When I first heard that famed architect Daniel Libeskind is being commissioned to design the National Museum of the Jewish People in Washington, DC, my first thought was, Is this really necessary?

Plans call for the museum to take up part of the site currently occupied by the Old Post Office building on Pennsylvania Avenue. According to its website, the museum will “define what Jewish culture is and…consider how, throughout history, Jews and Judaism have affected and been affected by the array of cultures and civilizations with which Jews have been in contact or in which they have been embedded.”

Wasn’t it only last year that the National Museum of American Jewish History opened in Philadelphia, with great fanfare? According to that museum’s mission statement, its purpose is to “connect Jews more closely to their heritage and to inspire in people of all backgrounds a greater appreciation for the diversity of the American Jewish experience.”

Perhaps the organizers of the Washington project feel a national Jewish museum belongs in the national capital. Of course, Washington already has the U.S. Holocaust Memorial Museum (not to mention the Lillian and Albert Small Jewish Museum and the National Museum of American Jewish Military History). The Holocaust museum isn’t a Jewish museum per se, but it is dedicated to an essentially Jewish narrative.

One could argue — as its planners do — that a DC museum dedicated to Jewish contributions “will thereby balance the tragic story told” by the Holocaust museum. Yet it still raises questions about communal priorities. In a torpid economy, Jewish communities are struggling to fund education, identity programs, and social services. You have to wonder if the better response to the “tragic story” told at the Holocaust museum is a cause dedicated to, well, living Jews.

It turns out that Washington actually had a national Jewish museum. The B’nai B’rith Klutznick National Jewish Museum was housed at B’nai B’rith’s headquarters on Rhode Island Avenue. Since the sale of the building in 2002, the collection — which includes George Washington’s famous letter to the Hebrew Congregation at Newport — has been in limbo. As the Forward reported this month, “[P]rogramming ceased long ago, and the museum, to all intents and purposes, is on life support.”

A new Jewish museum in Washington would join the National Museum of the American Indian and the National Museum of African American History and Culture, which is scheduled to open in 2015. These museums are justified — first, by way of atonement, and second, to remind visitors to the capital of the two defining cataclysms of American history. The museums memorialize the victims of slavery and Western expansion while celebrating their cultures and accomplishments. The stories they tell serve as a vital counterpoint to the largely celebratory narrative of the National Mall.

Jews are also central to American history — but so are a host of ethnic and religious groups. Washington shouldn’t become an ethnic Epcot, with every group telling its story in a building designed by a celebrity architect. It’s a sort of special pleading that runs counter to the most powerful message of the Smithsonian, the monuments, and many other sites on or near the Mall — that is, we are all in this together.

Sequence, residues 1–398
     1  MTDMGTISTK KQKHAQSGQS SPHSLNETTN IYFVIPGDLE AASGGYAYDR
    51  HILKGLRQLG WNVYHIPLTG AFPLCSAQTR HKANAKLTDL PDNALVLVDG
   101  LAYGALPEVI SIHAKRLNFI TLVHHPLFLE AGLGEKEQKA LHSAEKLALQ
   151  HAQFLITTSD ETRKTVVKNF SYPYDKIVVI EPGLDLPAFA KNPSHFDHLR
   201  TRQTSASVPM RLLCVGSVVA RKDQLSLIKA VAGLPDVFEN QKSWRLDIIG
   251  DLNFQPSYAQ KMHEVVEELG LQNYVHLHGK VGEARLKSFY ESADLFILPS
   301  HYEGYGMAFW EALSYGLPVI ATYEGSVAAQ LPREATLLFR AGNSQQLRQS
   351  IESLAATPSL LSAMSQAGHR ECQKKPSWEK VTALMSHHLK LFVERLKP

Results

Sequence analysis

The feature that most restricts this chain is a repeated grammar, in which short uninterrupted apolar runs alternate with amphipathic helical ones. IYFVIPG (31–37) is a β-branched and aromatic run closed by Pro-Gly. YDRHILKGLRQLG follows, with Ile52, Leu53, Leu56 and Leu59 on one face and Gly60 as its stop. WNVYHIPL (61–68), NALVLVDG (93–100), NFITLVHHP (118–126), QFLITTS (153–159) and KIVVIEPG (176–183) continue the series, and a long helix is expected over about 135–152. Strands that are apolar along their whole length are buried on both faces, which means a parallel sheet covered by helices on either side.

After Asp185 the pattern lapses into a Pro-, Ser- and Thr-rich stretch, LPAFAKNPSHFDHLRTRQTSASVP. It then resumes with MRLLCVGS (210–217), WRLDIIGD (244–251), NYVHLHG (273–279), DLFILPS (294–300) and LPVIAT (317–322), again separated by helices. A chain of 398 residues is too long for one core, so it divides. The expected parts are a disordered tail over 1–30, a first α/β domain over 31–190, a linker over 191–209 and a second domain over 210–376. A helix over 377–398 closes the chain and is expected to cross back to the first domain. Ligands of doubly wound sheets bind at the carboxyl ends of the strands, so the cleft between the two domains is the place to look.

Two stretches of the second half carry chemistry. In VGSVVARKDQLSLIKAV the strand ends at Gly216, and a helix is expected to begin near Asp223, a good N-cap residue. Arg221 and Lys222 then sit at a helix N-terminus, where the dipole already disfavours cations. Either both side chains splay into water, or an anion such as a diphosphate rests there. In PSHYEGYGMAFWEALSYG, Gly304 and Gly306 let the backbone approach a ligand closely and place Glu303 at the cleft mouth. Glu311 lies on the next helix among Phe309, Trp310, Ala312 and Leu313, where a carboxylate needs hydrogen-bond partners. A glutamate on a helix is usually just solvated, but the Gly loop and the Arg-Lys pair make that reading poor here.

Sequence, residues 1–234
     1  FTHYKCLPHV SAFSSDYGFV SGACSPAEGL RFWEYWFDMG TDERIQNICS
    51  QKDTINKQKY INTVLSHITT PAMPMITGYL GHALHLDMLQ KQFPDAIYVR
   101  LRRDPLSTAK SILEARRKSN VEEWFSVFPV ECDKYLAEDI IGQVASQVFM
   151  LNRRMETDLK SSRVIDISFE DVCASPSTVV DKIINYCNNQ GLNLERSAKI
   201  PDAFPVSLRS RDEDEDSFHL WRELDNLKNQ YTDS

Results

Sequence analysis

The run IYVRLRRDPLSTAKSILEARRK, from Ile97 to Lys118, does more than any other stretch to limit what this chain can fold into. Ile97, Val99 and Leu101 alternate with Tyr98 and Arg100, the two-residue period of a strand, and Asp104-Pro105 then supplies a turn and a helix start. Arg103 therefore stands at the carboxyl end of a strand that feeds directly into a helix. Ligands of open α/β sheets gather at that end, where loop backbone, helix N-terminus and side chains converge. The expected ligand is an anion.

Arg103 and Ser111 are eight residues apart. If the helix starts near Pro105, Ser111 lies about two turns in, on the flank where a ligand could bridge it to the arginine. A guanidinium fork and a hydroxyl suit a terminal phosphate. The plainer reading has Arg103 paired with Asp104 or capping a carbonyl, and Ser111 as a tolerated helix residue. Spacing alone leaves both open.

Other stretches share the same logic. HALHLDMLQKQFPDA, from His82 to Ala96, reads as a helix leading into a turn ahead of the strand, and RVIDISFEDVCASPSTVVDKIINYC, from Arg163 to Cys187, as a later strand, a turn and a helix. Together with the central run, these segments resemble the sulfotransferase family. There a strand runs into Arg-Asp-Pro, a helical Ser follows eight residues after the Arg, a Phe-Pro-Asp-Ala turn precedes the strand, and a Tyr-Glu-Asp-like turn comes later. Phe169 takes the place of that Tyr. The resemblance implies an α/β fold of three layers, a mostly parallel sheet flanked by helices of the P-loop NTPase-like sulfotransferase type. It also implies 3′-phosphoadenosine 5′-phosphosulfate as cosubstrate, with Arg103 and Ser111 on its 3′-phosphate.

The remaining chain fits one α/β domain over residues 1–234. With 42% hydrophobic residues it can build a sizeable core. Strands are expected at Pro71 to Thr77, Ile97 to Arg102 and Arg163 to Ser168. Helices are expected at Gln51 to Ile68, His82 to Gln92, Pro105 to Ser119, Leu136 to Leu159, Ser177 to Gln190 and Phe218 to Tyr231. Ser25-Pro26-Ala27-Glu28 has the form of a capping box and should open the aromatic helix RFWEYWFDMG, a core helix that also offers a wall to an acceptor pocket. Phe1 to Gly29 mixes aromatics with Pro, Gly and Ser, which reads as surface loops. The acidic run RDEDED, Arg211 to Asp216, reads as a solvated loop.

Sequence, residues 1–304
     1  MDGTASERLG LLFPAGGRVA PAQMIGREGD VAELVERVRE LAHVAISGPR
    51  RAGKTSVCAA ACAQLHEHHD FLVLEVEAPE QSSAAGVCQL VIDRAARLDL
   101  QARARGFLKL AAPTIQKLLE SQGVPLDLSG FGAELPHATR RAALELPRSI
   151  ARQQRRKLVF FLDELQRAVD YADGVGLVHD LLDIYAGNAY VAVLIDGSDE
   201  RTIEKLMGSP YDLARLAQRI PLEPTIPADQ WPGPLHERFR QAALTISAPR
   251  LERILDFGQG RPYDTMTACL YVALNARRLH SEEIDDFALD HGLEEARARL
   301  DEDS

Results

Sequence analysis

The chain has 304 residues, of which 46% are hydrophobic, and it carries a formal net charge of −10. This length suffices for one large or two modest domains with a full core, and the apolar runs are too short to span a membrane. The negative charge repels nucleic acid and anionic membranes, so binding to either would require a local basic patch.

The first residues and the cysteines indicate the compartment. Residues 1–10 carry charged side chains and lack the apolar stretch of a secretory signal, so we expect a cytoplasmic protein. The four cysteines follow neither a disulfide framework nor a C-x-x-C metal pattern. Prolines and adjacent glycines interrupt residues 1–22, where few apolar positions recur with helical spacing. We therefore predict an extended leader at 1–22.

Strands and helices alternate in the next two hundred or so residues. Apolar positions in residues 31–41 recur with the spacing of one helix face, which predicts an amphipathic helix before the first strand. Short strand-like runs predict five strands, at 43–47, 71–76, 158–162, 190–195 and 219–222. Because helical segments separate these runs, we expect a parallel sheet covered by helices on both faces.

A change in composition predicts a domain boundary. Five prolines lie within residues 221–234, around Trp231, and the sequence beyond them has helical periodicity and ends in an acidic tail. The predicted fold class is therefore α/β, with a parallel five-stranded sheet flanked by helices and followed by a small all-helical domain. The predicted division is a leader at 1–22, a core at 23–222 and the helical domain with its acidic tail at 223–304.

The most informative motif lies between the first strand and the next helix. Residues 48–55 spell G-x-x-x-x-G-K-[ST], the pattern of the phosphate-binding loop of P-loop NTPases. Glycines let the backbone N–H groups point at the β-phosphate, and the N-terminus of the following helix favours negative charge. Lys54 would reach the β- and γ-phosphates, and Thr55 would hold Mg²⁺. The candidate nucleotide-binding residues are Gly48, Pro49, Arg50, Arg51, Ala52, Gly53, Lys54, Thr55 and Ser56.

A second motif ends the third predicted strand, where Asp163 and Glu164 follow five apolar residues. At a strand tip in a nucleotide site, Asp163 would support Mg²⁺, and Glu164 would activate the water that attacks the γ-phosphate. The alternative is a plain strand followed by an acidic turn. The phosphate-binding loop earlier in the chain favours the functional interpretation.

And yet we deserve to have our story told, and Americans of all backgrounds should hear it. Perhaps there is a solution to this proliferation of Jewish museums, one that celebrates our accomplishments while honoring — here’s the neat part — the Jewish genius for dispersion, replantation, and acculturation.

What if various museums and collections were to combine forces on one terrific traveling exhibition, picking out the choicest artifacts and technologies and bringing them to cities and towns large and small across the country?

Imagine a “pop-up” museum akin to the pop-up restaurants and boutiques that are currently the buzz of Manhattan. A Wandering Jewish Museum would spring up in a town, generating publicity and excitement. It could tell the Jewish story in places where not that many Jews live, to people who may not visit a Jewish museum when they vacation in New York or Washington. Local Jewish historical societies and museums could add their own artifacts, demonstrating how their story fits into the larger sweep of American-Jewish heritage. In each new location, the exhibit, like the Jews themselves, would have to adapt to new geography, new local cultures, and different laws and regulations.

If Jewish history tells us anything, it is that we have to constantly reinvent ways to tell our story. According to Pirkei Avot, Moses received the Torah at Sinai and passed it to Joshua, who passed it to the Elders, who passed it to the Prophets, and so on. Eventually this oral tradition gave way to a written one. Jewish life was once centered on the Temple rituals. When the Temples were destroyed, the Jews were forced into exile but seized it as an opportunity to create a portable faith, one that adapted to circumstances but remained grounded in the stories and rituals of the past.

When it comes to telling our stories to ourselves and others, it’s time for getting our artifacts together and taking them on the road.

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